The totem at the Pentagon was dedicated during the opening week of the National Museum of the American Indian in September 2004.  The Piscataway tribe also participated in the totem’s dedication, as they originally owned the land where the totem now stands.  It was later moved to the Historic Congressional Cemetery, which is located on Capitol Hill in southeast D.C. at 1801 E Street (MAP).

Carved from a single tree from Alaska, the structure lies near a grove of trees in the cemetery that were planted in memory of the victims in the 9/11 attacks.  Standing 14 feet tall and six feet around, the two vertical poles are named Liberty and Freedom.  The Liberty pole depicts a female bear with a “grandmother moon” in her abdomen. The Freedom pole depicts a male bear with “grandfather sun.”  The 36-foot Sovereignty crossbar joining the two poles has eagles carved on each end, with two sets of seven feathers representing American Airlines Flight 77, the flight that crashed into the Pentagon. The female eagle symbolizes peace, and the male symbolizes war.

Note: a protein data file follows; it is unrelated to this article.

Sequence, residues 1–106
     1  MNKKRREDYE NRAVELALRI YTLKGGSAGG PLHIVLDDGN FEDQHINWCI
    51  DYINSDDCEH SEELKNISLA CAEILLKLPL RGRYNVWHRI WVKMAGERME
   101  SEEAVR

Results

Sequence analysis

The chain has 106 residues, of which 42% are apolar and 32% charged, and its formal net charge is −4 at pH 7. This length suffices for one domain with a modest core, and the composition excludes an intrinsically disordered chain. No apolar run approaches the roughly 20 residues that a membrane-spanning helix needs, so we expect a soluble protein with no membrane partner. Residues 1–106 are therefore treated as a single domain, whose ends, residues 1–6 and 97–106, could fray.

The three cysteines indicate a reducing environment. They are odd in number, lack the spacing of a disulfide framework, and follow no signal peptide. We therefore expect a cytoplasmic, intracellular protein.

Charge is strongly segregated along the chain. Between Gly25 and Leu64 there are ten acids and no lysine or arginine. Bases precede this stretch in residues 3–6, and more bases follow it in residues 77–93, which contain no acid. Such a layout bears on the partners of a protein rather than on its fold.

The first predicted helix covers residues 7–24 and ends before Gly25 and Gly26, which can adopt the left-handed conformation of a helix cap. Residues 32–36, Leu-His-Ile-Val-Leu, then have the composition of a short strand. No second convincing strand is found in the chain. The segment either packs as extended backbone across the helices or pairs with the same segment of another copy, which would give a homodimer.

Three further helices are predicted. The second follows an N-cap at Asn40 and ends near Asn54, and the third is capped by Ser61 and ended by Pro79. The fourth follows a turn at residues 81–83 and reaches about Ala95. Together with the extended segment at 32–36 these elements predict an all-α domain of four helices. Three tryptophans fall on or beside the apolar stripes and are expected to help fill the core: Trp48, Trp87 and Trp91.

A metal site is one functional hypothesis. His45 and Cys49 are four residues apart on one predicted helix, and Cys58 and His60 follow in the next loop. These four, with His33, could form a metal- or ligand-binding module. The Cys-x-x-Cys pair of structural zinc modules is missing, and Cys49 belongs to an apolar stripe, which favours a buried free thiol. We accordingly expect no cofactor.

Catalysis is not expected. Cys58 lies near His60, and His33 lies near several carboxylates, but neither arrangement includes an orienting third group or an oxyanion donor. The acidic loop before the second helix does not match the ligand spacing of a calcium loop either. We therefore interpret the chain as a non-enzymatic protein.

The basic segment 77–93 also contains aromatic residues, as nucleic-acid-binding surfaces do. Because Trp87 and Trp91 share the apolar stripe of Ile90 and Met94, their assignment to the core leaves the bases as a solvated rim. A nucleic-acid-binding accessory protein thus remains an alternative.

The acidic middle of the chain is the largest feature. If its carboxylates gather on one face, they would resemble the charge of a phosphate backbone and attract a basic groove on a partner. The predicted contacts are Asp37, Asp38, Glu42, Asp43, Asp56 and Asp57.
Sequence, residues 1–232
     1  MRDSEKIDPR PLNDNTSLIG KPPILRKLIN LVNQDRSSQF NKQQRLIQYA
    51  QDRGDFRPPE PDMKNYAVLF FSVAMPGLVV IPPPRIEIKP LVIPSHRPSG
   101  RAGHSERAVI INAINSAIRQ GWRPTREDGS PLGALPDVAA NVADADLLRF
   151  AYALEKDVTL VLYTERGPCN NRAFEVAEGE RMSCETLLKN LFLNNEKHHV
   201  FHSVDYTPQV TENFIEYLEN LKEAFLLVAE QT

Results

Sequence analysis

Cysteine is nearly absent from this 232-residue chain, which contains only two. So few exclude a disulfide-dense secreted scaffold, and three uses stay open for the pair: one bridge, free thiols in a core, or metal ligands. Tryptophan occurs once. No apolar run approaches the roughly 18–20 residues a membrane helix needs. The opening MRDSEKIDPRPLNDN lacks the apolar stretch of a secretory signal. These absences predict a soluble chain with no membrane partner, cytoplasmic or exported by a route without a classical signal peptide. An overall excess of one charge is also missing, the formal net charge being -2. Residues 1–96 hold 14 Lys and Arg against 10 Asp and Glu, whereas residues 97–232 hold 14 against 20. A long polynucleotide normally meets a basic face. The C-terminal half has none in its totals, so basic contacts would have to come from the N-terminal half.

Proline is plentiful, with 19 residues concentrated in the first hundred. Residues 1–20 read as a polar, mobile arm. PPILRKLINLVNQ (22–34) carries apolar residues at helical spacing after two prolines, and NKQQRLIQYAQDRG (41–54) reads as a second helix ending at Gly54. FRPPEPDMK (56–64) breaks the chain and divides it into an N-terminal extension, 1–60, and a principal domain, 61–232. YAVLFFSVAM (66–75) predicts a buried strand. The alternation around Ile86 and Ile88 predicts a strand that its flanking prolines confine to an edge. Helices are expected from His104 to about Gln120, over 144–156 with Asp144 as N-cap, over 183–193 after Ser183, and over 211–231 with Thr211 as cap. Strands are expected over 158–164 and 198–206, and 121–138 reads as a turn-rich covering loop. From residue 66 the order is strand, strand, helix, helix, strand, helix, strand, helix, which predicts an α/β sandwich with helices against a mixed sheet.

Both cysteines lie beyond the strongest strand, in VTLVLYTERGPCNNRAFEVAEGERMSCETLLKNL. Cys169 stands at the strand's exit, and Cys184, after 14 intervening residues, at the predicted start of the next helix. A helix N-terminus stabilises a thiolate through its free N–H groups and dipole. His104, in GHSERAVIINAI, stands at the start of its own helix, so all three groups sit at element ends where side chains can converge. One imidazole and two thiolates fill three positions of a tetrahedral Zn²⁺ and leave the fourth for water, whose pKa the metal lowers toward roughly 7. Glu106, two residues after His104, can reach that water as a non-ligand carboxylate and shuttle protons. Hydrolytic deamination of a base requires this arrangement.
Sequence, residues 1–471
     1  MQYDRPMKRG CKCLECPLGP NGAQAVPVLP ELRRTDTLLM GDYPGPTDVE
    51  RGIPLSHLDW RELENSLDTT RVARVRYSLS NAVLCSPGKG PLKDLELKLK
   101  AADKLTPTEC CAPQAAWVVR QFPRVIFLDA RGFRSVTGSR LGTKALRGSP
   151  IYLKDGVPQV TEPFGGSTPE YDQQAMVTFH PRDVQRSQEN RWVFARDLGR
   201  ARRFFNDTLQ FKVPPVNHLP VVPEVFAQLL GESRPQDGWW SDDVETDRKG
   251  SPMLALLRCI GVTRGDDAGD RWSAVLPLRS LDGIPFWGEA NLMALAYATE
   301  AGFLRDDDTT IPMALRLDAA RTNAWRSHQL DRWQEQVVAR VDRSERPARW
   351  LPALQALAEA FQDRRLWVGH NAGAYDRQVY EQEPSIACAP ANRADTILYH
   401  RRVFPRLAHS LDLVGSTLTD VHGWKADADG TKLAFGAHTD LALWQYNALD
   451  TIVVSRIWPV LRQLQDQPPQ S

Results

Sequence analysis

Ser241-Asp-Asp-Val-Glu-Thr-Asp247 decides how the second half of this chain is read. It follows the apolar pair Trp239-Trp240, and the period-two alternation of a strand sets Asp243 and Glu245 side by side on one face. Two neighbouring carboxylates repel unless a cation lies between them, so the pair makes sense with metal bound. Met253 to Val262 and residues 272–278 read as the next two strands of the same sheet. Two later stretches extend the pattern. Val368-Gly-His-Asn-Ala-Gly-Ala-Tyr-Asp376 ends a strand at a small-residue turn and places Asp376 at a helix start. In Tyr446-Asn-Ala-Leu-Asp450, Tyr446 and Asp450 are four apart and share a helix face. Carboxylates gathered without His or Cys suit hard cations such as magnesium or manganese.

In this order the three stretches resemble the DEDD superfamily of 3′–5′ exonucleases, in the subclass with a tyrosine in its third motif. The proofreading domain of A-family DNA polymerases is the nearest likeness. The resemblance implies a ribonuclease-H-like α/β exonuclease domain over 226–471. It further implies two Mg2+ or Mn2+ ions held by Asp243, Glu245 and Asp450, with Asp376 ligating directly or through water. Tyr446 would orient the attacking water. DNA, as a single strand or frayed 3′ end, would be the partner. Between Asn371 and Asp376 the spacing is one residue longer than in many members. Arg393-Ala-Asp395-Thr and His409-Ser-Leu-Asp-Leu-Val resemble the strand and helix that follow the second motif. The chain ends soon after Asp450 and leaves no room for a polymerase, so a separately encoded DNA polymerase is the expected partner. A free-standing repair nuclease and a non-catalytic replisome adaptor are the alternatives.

The totem at Congressional Cemetery is eventually going to be moved to the September 11 Memorial Grove that is planned for Kingman Island in the Anacostia River in D.C.  But for now, the pole remains at the cemetery, where it may remain for years to come.

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[Click on the photos to view the full-size versions]